Back in January 2022, Health Minister Khairy Jamaluddin announced the government’s intention to implement a generational smoking ban in Malaysia. Once the legislation is passed, the sale of cigarettes and tobacco products will be prohibited to Malaysians born after 2005.
Cigarettes bring about serious health hazards to smokers and the people around them. Implementing a generational ban on cigarettes can reduce the number of smokers over time, which in turn protects the health of our younger generations. Besides enacting the generational smoking ban, there are also strategies that seek to reduce the harm that is exposed to smokers and non-smokers. This is where tobacco harm reduction (THR) comes into play.
1. What is tobacco harm reduction (THR)?
Tobacco harm reduction (THR) is a public health strategy aiming to lower the health risks on individuals from tobacco use. Cigarette smoke has been found to lead to diseases like stroke, cancer, heart and lung diseases, as well as diabetes, which can be serious and fatal.
However, it is recognized that banning cigarettes entirely may not be achievable due to nicotine addiction, personal enjoyment, and illicit cigarette trades. Hence, THR advocates smokers to switch to smoke-free alternatives, including:
- Electronic cigarettes (Vape)
- Heated tobacco products (HTPs)
- Nicotine replacement therapy (NRT) products
- Nicotine patches
- Nasal sprays
- Oral products
Besides being able to control the nicotine cravings among smokers, these smoke-free alternatives contain lower levels of harmful chemicals, such as:
- Carbon monoxide
- Tobacco-specific nitrosamines (TSNAs)
- Harmful and Potentially Harmful Constituents (HPHCs)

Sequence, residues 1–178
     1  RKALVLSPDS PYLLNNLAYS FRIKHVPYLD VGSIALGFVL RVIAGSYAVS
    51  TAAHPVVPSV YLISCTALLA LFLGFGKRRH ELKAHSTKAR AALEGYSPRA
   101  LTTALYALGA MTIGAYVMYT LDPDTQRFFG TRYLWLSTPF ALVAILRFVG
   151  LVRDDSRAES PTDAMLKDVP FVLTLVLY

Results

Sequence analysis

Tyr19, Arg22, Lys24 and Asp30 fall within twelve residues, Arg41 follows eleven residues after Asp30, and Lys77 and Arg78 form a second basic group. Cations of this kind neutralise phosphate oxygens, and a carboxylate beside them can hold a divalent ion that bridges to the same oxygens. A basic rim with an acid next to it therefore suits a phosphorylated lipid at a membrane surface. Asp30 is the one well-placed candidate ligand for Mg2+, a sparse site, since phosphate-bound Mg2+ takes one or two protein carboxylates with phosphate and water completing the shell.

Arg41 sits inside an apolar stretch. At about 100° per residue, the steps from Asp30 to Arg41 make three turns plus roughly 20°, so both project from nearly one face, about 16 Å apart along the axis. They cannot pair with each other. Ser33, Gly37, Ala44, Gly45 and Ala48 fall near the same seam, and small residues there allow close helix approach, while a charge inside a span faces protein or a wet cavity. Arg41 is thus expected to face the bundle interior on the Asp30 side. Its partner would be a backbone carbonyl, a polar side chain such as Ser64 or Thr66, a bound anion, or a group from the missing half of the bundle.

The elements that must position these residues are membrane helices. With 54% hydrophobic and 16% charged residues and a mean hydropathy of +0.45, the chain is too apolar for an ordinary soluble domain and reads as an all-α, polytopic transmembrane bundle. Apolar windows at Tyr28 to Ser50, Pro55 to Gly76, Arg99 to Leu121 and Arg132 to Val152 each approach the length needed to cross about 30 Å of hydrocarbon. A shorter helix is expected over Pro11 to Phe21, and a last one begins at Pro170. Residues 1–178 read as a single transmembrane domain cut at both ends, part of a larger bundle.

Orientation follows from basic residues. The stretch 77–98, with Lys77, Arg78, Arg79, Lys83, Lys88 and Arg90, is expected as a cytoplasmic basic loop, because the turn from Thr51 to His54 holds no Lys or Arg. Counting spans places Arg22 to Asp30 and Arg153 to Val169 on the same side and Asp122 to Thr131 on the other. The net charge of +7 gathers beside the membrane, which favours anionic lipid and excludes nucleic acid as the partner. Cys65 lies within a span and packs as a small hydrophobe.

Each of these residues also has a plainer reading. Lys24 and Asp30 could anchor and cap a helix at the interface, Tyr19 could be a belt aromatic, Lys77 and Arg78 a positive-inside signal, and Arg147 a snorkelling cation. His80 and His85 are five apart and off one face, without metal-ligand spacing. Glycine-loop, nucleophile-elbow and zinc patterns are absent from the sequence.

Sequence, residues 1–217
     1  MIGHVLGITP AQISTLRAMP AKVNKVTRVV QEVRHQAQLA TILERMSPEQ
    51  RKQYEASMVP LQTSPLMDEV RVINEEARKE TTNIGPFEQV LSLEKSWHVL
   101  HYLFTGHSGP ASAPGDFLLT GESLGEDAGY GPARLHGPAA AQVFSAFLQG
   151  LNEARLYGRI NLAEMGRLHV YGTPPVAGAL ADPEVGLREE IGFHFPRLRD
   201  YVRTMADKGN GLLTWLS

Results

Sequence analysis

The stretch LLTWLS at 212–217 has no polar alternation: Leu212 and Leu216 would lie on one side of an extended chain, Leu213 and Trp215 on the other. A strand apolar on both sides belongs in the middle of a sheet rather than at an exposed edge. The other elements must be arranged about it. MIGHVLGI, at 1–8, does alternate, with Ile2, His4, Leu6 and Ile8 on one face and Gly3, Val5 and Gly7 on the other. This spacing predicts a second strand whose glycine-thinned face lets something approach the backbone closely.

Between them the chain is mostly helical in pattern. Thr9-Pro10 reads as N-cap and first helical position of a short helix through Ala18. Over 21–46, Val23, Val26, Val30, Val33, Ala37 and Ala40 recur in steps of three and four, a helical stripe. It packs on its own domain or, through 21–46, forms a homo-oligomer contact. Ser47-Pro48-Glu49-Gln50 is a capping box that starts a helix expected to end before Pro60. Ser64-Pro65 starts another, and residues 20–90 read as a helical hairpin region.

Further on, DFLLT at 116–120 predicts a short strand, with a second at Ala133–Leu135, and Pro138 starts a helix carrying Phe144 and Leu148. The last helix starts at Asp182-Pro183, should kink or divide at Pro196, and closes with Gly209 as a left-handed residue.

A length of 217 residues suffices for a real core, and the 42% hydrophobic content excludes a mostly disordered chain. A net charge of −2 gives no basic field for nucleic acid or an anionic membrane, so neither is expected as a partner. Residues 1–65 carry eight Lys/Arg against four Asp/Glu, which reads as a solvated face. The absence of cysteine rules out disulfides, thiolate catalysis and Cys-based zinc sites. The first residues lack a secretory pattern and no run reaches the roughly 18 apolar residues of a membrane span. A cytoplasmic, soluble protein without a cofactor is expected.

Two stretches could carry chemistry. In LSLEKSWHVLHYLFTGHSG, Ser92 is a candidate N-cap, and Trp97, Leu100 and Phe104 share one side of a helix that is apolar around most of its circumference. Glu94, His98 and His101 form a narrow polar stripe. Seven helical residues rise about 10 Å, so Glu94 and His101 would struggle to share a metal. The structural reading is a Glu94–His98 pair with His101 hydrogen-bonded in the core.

Despite not being completely risk-free, these alternatives are found to produce less harmful emissions, as they do not involve the combustion of tobacco. This exposes bystanders to less harmful chemicals as compared to conventional cigarettes.
2. Taking a closer look at heated tobacco products (HTPs)
Many of us might have heard of vape and nicotine patches, but have you ever heard of heated tobacco products (HTPs)? In recent years, HTPs have been widely used as one of the smoke-free alternatives in many developed countries, such as Japan. Thus, it is crucial for Malaysians to be aware of HTPs and the role they play in THR.
Heated tobacco products (HTPs), otherwise known as heat-not-burn (HnB) products, are alternatives that heat tobacco at lower temperatures. In other words, they do not burn tobacco like cigarettes. The heating process in HTPs generates flavoured, nicotine-containing aerosol, which is then inhaled by users.
3. HTPs VS Cigarettes: what are the differences?
Different from traditional cigarettes, HTPs heat tobacco leaves instead of burning them. In HTPs, the tobacco leaves are generally heated to 350℃. The heating process releases nicotine-containing aerosol without harmful substances found in smoke and ash.
On the other hand, the combustion of tobacco in cigarettes can reach up to 900℃, releasing smoke and ash that can lead to smoke-related diseases.
HTPs emit aerosol, which consists of water, glycerin, and nicotine that are not the culprits of smoke-related diseases.
Cigarettes emit smoke and ash, which contain harmful chemicals that can lead to smoke-related diseases, such as
- Heart disease
- Lung diseases
- Chronic obstructive pulmonary disease (COPD)
- Passive smoking
Second-hand smoke and ash from cigarettes expose bystanders to disease-causing chemicals; while aerosol emitted from HTPs possess lower health risks for bystanders.
4. The role of HTPs in THR
Since HTPs produce less harmful emissions, they can be better alternatives for smokers who struggle to wean off cigarettes, and those who intend to continue smoking. Of course, HTPs still contain nicotine which is addictive although they possess fewer risks to smokers and bystanders.
By switching to HTPs, smokers can reduce their exposure to harmful chemicals, which then lower the health risks associated with tobacco products. Ultimately, it is hoped that these smoke-free alternatives can help build a smoke-free nation for all Malaysians.
What’s more, if successful, Health Minister Khairy Jamaluddin hopes that this legislation will “bring about a generation endgame to smoking for anyone born after 2005” and will have a significant impact in preventing and controlling non-communicable diseases (NCDs) among Malaysians.
Other than implementing the generational ban on cigarette sales, are there any other strategies that can help build a smoke-free Malaysia? Let us know in the comments below!
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